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REVIEW ARTICLE
Year : 2022  |  Volume : 6  |  Issue : 2  |  Page : 29-33

Vascular loop of anterior inferior cerebellar artery causing disabling tinnitus, vertigo, and hearing loss - A review


Department of Otorhinolaryngology and Head and Neck Surgery, IMS and SUM Hospital, Siksha “O” Anusandhan University, Bhubaneswar, Odisha, India

Correspondence Address:
Dr. Santosh Kumar Swain
Department of Otorhinolaryngology and Head and Neck Surgery, IMS and SUM Hospital, Siksha “O” Anusandhan University, K8 Kalinga Nagar, Bhubaneswar - 751 003, Odisha
India
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Source of Support: None, Conflict of Interest: None


DOI: 10.4103/mtsm.mtsm_21_21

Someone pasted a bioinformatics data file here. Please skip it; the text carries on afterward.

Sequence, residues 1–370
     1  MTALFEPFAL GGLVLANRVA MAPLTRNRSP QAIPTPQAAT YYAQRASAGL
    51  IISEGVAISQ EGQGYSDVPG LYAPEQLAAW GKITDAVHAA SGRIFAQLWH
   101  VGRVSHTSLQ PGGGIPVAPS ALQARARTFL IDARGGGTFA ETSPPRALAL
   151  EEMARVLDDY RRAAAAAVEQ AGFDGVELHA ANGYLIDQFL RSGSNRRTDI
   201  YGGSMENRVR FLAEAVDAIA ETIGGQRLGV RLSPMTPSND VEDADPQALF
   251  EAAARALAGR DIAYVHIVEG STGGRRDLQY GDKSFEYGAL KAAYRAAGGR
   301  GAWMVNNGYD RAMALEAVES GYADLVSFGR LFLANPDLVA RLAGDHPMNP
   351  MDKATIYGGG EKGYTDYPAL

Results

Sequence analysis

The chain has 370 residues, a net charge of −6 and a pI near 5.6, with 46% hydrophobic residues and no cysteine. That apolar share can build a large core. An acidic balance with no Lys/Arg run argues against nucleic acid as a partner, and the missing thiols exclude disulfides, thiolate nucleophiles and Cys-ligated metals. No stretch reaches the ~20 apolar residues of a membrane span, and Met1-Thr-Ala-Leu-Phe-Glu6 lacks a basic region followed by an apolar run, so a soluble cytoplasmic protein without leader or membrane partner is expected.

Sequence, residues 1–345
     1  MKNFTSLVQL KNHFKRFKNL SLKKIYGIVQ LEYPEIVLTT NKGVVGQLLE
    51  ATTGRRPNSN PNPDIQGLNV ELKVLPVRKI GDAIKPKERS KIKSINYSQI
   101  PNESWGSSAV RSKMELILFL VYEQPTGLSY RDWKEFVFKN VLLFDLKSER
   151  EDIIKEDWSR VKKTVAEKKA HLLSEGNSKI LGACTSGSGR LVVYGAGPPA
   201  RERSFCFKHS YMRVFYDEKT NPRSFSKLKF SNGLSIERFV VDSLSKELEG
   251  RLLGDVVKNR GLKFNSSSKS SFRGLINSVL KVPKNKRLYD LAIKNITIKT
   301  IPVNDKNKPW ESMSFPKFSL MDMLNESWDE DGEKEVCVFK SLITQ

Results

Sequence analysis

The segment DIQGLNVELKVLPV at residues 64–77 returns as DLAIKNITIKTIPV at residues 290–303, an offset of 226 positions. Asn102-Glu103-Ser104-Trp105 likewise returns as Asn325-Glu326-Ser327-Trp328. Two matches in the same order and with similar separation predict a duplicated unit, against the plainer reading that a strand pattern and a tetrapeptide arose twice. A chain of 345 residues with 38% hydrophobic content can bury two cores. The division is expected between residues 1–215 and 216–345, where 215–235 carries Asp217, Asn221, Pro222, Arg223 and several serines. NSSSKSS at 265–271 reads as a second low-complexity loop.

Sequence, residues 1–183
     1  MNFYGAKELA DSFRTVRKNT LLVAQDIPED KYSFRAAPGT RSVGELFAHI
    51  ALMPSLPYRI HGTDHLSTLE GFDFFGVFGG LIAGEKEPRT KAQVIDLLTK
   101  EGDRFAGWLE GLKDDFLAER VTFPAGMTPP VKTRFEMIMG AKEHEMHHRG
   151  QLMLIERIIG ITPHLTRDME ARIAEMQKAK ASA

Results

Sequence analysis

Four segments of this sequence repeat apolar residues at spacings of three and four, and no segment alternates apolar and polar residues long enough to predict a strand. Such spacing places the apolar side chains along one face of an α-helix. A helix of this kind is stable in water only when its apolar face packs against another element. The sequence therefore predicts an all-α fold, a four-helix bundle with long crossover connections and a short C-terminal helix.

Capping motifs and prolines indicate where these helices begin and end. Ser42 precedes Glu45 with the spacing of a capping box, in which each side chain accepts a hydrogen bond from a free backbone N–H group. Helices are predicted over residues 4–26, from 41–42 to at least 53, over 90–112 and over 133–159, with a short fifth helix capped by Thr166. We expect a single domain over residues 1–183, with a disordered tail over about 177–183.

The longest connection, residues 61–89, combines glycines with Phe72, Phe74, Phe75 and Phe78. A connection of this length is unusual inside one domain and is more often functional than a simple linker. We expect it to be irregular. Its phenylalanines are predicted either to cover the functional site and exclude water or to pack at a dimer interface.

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The vascular anatomy of the anterior inferior cerebellar artery (AICA) is highly variable. In respect to the neurovascular relationship in the internal auditory canal (IAC), the AICA is intimately related with vestibulocochlear and facial nerve. Vascular loop of AICA, especially located in the IAC, is rare. This vascular loop of the IAC may result in the compression over the vestibulocochlear nerve. Microvascular compression of the eighth cranial nerve is an important cause for disabling tinnitus, vertigo, and hearing loss. Disabling tinnitus and vertigo due to intrameatal vascular loop of AICA compression, the vestibulocochlear nerve can be treated with help of drilling the internal acoustic meatus and separate the vascular loop from the vestibulocochlear nerve. The intrameatal AICA and vestibulocochlear nerve conflict produce specific pathological features and their surgical treatment is also invariably challenging. Decompression of the vestibulocochlear nerve by the opening of the IAC and transposition of the AICA is thought to be an effective treatment modality for radiologically confirmed cases with clinical presentations of unilateral sensorineural hearing loss and pulsatile tinnitus. The aim of this review article is to describe the details of vascular anatomy, etiopathology, clinical presentations, diagnosis, neurophysiology, and current treatment of the vascular loop of AICA in IAC which often pose challenge to the clinicians.


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